The National’s reporter to appear in Iran court on May 26
NEW YORK // Yeganeh Salehi, a correspondent for The National, and her husband Jason Rezaian, a Washington Post journalist, will appear in an Iranian court on May 26, his lawyer said on Tuesday.
Rezaian, 39, was charged last month with espionage, collaboration with hostile governments, gathering classified information and disseminating propaganda against Iran.
The Iranian-American has been in custody for 10 months in Tehran.
The charges against Salehi and a third suspect — both of whom are currently on bail — have never been specified publicly. The third person, who has not been named, is a freelance photographer who worked for foreign media.
“It seems that all three will appear together,” said Leila Ahsan, the lawyer representing Rezaian and Salehi.
“If there is sufficient time the trial will start but if not the proceedings will be dealt with in another court session.”
Rezaian was not allowed to meet Ms Ahsan to prepare for the trial until earlier this month when they met in the presence of judiciary officials for about an hour, his brother, Ali, told the Voice of American Persian service. He said it was unlikely Rezaian will be allowed to meet her again before next week’s trial.
The allegations are being handled by one of Iran’s revolutionary courts, which have jurisdiction over crimes against national security and hold their proceedings behind closed doors.
The judge hearing the case, Abolghassem Salavati, is known for handing down long sentences for journalists, protesters and reformist politicians, and was sanctioned by the European Union in 2011 for human rights violation.
The official IRNA news agency carried a report quoting a judiciary official that suggested Rezaian, Salehi and the third suspect would all face charges.
“May 26 is the day when Jason Rezaian’s court session together with two other accused will be held at branch 15 of the prosecutor’s office and of the Tehran Revolutionary Court,” it said.
Rezaian and his wife were detained in Tehran on July 22 last year.
But Salehi, an Iranian national, was released on bail in October. Rezaian, who holds dual US-Iran citizenship, is being held in the capital’s Evin prison and his family have frequently spoken of their fears for his health, citing his need for medication to combat high blood pressure.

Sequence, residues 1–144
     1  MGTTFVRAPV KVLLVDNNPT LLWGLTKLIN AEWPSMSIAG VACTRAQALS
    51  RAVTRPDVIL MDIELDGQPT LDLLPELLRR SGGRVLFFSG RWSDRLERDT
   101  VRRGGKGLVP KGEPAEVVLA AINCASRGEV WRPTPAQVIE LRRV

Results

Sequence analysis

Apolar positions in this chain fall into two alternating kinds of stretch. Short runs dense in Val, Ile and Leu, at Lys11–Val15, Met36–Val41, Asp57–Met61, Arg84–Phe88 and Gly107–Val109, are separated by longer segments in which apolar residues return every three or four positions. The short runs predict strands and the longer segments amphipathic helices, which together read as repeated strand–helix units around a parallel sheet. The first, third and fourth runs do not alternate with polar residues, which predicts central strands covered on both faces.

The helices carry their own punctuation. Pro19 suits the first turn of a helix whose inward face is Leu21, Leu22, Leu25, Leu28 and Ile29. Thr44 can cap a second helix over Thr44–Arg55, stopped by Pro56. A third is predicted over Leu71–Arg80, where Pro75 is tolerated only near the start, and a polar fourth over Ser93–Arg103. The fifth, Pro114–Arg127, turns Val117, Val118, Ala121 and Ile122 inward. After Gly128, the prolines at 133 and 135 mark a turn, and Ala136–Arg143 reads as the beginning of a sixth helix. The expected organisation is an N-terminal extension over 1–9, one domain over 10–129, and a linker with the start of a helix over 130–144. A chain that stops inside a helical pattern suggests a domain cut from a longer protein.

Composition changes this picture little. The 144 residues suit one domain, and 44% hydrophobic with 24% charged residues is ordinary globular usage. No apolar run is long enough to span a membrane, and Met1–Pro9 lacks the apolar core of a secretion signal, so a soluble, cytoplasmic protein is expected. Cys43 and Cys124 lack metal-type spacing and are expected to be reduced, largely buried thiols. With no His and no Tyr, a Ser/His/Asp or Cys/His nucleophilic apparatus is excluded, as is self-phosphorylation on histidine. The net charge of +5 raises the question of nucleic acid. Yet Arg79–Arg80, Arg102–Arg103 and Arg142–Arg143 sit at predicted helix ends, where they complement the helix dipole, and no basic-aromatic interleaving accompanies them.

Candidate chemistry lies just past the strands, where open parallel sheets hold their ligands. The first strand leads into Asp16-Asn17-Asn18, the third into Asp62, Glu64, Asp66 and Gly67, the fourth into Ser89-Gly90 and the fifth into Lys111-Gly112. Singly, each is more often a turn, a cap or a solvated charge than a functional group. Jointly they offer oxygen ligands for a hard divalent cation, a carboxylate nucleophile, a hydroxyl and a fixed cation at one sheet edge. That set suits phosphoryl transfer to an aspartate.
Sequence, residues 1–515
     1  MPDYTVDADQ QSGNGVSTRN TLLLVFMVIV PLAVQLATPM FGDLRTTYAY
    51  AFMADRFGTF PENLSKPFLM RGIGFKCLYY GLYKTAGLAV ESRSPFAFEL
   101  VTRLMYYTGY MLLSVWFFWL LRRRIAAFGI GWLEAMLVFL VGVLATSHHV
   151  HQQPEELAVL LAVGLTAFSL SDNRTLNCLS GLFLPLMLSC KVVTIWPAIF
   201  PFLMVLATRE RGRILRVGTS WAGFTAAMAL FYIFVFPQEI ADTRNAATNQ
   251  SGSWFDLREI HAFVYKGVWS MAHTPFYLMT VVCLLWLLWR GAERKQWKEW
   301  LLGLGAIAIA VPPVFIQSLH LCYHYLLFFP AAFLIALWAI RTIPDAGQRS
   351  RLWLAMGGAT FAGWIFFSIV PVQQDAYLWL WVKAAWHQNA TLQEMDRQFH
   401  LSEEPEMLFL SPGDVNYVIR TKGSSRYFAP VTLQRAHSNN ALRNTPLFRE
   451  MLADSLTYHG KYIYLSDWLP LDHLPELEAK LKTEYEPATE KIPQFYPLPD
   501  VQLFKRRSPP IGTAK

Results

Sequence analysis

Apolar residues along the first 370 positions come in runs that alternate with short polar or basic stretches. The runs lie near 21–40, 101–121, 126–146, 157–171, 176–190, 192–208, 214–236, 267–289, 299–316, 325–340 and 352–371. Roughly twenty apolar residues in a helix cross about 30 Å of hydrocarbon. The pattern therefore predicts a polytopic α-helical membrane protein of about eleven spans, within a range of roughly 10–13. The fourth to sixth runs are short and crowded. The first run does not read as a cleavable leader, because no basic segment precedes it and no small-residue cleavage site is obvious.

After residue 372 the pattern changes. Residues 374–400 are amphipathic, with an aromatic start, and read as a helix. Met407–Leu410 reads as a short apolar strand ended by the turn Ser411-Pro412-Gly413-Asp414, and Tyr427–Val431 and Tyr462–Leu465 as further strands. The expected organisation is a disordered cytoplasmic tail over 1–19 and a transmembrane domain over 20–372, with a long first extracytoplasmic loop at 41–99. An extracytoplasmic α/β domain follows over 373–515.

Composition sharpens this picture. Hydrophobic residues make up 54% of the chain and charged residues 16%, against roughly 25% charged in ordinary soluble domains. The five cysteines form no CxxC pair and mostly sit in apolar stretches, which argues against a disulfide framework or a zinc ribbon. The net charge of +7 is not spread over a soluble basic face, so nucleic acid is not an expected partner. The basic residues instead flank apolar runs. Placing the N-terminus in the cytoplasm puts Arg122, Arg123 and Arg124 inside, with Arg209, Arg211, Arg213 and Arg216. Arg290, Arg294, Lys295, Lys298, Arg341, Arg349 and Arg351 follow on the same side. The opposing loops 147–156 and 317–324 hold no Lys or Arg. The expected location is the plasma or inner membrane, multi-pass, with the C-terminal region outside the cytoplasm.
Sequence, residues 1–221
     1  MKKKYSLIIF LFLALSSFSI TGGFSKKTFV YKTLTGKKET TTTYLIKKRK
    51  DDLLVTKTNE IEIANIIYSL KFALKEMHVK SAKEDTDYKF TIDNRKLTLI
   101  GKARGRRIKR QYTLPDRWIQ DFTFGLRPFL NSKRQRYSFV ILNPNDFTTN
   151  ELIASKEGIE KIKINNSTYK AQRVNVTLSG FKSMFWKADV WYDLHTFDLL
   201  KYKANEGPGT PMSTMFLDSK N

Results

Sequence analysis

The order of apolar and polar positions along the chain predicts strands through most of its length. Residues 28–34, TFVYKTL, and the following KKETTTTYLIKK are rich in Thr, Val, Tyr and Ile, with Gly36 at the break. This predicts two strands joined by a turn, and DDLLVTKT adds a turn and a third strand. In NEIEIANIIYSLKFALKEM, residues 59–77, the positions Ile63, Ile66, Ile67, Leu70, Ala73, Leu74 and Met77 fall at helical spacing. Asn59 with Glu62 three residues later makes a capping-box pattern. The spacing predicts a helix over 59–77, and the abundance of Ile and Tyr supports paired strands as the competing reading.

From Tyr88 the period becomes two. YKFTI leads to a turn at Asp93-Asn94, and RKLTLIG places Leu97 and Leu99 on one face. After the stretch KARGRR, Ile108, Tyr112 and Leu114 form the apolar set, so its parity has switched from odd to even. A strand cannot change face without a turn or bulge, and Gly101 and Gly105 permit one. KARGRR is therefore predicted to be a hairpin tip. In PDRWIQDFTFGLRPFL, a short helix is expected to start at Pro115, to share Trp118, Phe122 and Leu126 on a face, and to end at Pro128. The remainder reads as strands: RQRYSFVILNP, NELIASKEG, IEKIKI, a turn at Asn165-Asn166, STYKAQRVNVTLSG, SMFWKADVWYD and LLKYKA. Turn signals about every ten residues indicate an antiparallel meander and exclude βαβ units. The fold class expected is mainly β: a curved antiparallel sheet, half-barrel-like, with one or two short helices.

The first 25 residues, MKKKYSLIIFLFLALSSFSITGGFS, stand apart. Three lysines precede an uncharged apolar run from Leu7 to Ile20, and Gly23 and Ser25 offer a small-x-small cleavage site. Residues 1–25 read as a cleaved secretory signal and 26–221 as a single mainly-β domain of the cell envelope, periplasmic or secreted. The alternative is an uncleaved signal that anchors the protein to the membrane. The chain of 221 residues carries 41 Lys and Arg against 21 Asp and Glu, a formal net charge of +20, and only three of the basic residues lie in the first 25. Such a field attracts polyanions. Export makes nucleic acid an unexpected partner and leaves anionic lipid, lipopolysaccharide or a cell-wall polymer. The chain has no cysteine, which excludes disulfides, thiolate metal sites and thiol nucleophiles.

The Post and Rezaian’s family say that the charges against the journalists were ludicrous, and allege that Rezaian has been held for long periods of time in solitary confinement and has faced harsh interrogations.
“The serious criminal charges that Jason now faces in Iran’s Revolutionary Court are not supported by a single fact,” the Post’s executive editor Martin Baron said in a statement on Tuesday.
“The proceedings against him have been anything but fair and open — if they had been, Jason would never have been subjected to outrageous prison conditions, obstacles to selecting a lawyer, limited time to prepare a defence, and an inadequate window on the case that Iran plans to bring against him.”
Salehi was not allowed to consult an attorney and has not been provided with details about the charges against her. Her press credentials have also been revoked.
Iran’s foreign minister, Mohammad Javad Zarif, said last month while he was in New York that an “overzealous low-level operative” may have tried to “take advantage” of Rezaian, though he said he hoped the journalist would be cleared of all charges.
The US state department said in response: “Any assertion that Jason was other than a hard-working journalist trying to tell the story of Iran and the Iranian people to the world is absurd.”
There was some hope that the US would use the ongoing talks with Iran over Tehran’s nuclear programme to push for the journalist’s release, and US secretary of state John Kerry has raised the issue with Mr Zarif on the sideline of talks. However, US officials say they will not link the nuclear talks to any other issues.
Ms Ahsan said on Tuesday, “I was not informed but after seeing the news on the media, I called the court and found that the date had been set.”
Rezaian, born in California to an Iranian father and American mother, is one of four US citizens that Mr Obama has urged Iran to repatriate.
* Reporting from Agence France-Presse
Updated: May 19, 2015 04:00 AM